An Emirati man who was Expo 2020 Dubai's first employee with a disability is now thriving in a new role in the private sector.
Salem Bawazir was the first person with a disability to secure a job at Expo 2020 Dubai in March 2020. He worked as a human resources administrator at the expo.
In his role, he was proud to lead an inclusion programme aimed at recruiting and training people with disabilities.
However, when the curtain came down on the world's fair in March last year, Mr Bawazir had to search for another job.
He was diagnosed with cerebral palsy as a child and has since refused to let his challenges hinder his career aspirations.
Following nine months of job searching, Mr Bawazir, 50, landed a job at Dubai-based Bayut & dubizzle, a real estate, marketing and advertising firm, as an employee in December with the help from ImInclusive, a career-matching app that connects people with disabilities with inclusive employers in the Middle East.
“I was looking for a job and received a message from them assisting me. I got their support to find my desired job with Bayut & dubizzle. It is my first job since Expo. I'm very lucky,” Mr Bawazir told The National.
He said he began his job search in March 2022 and applied for positions at companies and government bodies without success.
“Some didn't proceed with my application and others didn't respond,” he said. “I believe we need time to build the mindset of many employers and create a new generation that believes in equality and equity for all.”
Since December, he has been working in the learning and development team as part of Bayut & dubizzle's HR department.
“I have new exciting responsibilities and challenges, building accessible learning experiences for my colleagues in Arabic and English,” he said.
Mr Bawazir said the atmosphere at his new job was positive, friendly and welcoming.
He played a vital role in hiring people with a range of disabilities at Expo Dubai 2020, with many securing jobs in photography, finances, visitor experience and administration.
He previously worked for a books and stationery company, a hospitality firm and even started a small graphic design business.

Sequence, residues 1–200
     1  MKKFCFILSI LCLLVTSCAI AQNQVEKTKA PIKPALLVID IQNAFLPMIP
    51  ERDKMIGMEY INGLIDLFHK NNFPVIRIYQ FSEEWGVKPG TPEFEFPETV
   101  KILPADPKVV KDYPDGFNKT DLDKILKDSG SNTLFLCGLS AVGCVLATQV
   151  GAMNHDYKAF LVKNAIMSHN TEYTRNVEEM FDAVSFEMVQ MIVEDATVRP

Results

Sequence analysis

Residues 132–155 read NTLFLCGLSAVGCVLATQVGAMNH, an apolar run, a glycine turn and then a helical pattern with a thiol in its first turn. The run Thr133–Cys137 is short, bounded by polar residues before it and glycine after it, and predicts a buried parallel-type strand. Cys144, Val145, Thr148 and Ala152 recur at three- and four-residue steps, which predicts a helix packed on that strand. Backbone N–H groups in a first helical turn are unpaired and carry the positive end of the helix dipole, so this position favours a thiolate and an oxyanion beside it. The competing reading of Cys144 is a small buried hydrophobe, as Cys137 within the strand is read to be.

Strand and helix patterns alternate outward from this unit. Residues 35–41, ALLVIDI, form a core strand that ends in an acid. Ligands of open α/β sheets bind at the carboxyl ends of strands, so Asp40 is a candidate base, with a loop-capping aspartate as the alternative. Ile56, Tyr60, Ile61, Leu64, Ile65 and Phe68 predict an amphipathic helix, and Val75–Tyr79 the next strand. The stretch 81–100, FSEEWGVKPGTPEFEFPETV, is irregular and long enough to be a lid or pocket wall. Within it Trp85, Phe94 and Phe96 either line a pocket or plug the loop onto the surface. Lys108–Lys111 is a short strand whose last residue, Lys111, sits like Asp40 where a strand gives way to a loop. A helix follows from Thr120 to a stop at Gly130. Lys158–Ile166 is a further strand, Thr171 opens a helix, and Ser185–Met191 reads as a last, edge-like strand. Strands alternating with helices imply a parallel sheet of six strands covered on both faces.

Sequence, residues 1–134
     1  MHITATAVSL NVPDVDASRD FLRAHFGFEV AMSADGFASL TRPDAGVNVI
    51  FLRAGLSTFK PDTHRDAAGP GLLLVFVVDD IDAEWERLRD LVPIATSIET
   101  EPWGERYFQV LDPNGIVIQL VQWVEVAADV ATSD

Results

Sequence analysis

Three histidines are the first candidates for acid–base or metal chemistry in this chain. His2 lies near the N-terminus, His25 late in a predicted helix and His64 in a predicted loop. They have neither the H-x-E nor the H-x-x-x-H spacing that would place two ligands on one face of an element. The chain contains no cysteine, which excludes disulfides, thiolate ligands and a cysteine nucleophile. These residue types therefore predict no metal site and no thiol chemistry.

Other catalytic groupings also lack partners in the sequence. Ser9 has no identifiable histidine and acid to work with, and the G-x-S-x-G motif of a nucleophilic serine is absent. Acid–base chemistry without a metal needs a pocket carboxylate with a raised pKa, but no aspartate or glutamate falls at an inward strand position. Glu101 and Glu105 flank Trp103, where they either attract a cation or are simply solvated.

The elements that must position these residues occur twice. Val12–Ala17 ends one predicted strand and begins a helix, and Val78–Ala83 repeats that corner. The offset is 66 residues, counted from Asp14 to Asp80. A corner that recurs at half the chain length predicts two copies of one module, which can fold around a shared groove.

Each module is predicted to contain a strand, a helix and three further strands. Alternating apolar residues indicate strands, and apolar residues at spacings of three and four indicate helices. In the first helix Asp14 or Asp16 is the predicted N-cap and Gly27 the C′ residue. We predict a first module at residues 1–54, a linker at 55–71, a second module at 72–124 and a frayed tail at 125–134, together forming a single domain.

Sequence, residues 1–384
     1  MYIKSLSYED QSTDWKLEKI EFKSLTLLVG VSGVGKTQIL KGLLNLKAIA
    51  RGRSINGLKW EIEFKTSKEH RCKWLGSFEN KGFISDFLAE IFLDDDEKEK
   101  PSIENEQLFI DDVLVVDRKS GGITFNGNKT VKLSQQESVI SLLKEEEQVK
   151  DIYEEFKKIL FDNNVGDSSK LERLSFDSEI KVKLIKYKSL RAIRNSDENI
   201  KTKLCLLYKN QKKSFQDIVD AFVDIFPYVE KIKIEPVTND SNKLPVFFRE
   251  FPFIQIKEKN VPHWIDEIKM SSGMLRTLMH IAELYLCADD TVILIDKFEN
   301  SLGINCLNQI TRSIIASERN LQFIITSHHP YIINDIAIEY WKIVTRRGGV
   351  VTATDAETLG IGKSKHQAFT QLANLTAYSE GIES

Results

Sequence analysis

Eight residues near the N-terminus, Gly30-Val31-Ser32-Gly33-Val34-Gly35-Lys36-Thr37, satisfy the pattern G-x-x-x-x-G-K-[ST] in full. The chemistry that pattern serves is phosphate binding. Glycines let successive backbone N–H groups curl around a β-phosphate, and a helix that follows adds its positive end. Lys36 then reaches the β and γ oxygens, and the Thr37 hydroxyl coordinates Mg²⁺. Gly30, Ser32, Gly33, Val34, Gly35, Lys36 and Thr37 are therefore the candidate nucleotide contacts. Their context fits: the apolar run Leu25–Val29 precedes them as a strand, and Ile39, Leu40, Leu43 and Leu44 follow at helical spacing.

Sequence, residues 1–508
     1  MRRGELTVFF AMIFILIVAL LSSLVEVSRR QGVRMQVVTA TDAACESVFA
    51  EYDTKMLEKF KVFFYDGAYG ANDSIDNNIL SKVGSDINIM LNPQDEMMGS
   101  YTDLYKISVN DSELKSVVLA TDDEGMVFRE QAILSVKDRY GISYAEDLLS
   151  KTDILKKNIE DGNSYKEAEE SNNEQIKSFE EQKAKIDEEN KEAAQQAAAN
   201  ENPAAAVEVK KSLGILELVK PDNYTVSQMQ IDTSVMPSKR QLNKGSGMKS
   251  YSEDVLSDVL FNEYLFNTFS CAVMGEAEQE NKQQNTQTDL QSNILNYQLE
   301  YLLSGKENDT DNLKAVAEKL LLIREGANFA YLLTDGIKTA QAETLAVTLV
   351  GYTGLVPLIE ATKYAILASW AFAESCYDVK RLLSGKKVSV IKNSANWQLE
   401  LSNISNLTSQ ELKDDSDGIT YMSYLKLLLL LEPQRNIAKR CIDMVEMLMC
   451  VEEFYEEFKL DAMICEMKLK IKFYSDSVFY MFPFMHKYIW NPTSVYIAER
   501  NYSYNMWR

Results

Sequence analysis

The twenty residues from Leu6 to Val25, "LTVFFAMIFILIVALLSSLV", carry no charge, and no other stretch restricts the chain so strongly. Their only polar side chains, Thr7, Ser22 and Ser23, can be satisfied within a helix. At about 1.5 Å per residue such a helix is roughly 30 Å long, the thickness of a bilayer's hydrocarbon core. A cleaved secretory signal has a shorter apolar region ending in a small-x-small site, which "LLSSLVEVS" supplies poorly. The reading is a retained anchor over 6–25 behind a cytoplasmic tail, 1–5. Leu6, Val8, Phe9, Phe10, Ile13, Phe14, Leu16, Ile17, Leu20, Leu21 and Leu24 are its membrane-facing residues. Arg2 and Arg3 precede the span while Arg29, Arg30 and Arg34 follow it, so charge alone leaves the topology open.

Last year, he lined up with other jobseekers at the Ru'ya Careers UAE Fair at Dubai World Trade Centre.
“[Living with a] disability is not a barrier for me,” he said.
Eslam Elbahhar, team lead of learning and development at Bayut & dubizzle, told The National that companies in the private sector should invest in hiring Emiratis.
“It is essential for companies to prioritise and invest in hiring and developing local talent. Emiratis bring unique perspectives, skills and experiences to the workplace, and their contributions are valuable in driving sustainable growth and innovation in the UAE economy,” he said.
Mr Elbahhar said that he hired Mr Bawazir because he came across as enthusiastic, driven and self-motivated in his first interview.
“It was also great to discover how tech-savvy and creative he is in our training case study, further assuring us that he is the right fit for our team and will continue to build innovative digital learning and development experiences for our colleagues across the country,” he added.
Mr Bawazir believes his fellow Emiratis can be successful by working at private sector companies.
“To all Emirati job seekers and people of determination searching for jobs, the doors are open for you,” he said. “I believe that every one of you has the qualifications and skills to fit any suitable position you seek.
“With determination, you can achieve your goals and succeed in any field you choose.”
Tens of thousands of Emiratis have been successful in securing jobs in the private sector.
Official figures from the Ministry of Human Resources and Emiratisation show that close to 68,000 Emiratis are now employed in the country's private sector – with the workforce increasing by more than a third so far this year.
The UAE has embarked on a major Emiratisation drive to support local employment in the private sector, which remains a key driver of economic development.
UAE authorities last month reminded businesses that June 30 is the next deadline for private sector companies with 50 employees or more to hit their six-month Emiratisation target.
Employers must hit a target of 4 per cent of their staff being Emirati by January 1, 2024, rising to 10 per cent by the end of 2026.
Companies attempting to circumvent Emiratisation targets will be fined up to Dh500,000 ($136,160).